N95 respirators and toxic gases or vapors
From the Massachusetts Nurse Newsletter
September 2008 Edition
By Thomas P. Fuller, ScD, CIH
There is a common misunderstanding in health care that the N95 respirator can protect workers from gases and vapors. This is completely false. The N95 offers no protection from exposure to any chemical odors, gases or vapors that one would typically experience in a hospital or health care setting.
N95 respirators use a filter of densely woven fibers that can stop aerosol particles through impaction, interception and diffusion as the air being breathed in passes the mesh. They are 95 percent efficient in stopping particles down to about 0.1 micrometers (microns) in diameter. So they work well on tuberculosis, and other bacteria, that range in size from about 0.3 to 20 microns.
Gas molecules, however, range in size from only 0.0003 – 0.006 microns. As a result, gases like oxygen, chlorine, hydrogen sulfide and ammonia can all pass freely in the spaces between the fibers in an N95 mask.
The recommendation to use an N95 respirator to reduce the impact of a chemical gas exposure is comparable to the use of a placebo in patient care. Any improvements in conditions are only perceived and are not real.
In order to remove gases from the air they must be either absorbed or adsorbed by a filter media. Absorption occurs when a gas or vapor penetrates a solid structure (like charcoal) and gets “trapped” in the constituent molecules, atoms and ions of the structure. Adsorption is a phenomenon where the gas or vapor interacts with the outer surface of a solid structure through either van der Walls attraction or a combination of chemical interactions.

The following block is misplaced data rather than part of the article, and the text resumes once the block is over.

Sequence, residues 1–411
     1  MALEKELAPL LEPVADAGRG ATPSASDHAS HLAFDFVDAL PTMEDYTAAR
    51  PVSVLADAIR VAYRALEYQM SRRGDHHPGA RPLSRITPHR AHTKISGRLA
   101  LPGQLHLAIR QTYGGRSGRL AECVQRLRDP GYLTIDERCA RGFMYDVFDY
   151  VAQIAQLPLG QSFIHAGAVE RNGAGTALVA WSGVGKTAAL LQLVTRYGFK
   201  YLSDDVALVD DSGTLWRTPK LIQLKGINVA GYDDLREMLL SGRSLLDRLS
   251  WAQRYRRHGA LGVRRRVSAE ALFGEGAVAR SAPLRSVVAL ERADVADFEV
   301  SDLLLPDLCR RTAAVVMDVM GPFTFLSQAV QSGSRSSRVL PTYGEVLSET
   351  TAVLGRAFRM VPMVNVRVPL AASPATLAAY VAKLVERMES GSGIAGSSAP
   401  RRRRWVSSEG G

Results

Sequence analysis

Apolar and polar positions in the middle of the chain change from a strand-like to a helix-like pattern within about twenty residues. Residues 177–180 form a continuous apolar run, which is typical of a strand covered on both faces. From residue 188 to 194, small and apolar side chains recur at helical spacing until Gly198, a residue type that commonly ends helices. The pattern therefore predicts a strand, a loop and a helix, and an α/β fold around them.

Workers in indutriddifferent industries are exposed to thousands of different airborne agents. The selection of the appropriate respirator for the hazardous airborne agent is a complex process and should only be done by a qualified industrial hygienist who thoroughly understands the toxic properties of the agents, the workplace levels and safe or regulatory limits of exposure, and the protective capabilities of the respirator.
Any employer with hazardous airborne working conditions is required by the Occupational Safety and Health Administration (OSHA) to have a written respiratory protection program. The program requires that only knowledgeable and competent professionals implement the program, to include assessment of the specific hazards, selection of the respirator appropriate to protect the workers, medical clearance, fit-testing, and worker training. Just like only certain glove materials are protective for only certain chemicals, respirators must be selected in accordance with the airborne hazards and concentrations in the workplace. And just like physicians and nurses have the responsibility to prescribe and administer medicines safely and competently, industrial hygienists have the responsibility to assess workplace exposures and specify appropriate respiratory protection.